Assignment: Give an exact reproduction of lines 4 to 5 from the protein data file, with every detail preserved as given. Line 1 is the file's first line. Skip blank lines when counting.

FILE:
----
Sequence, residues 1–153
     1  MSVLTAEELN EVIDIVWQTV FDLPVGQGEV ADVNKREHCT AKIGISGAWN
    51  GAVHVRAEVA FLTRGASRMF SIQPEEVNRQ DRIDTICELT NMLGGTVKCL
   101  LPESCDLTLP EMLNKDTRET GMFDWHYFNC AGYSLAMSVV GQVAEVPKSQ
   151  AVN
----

   101  LPESCDLTLP EMLNKDTRET GMFDWHYFNC AGYSLAMSVV GQVAEVPKSQ
   151  AVN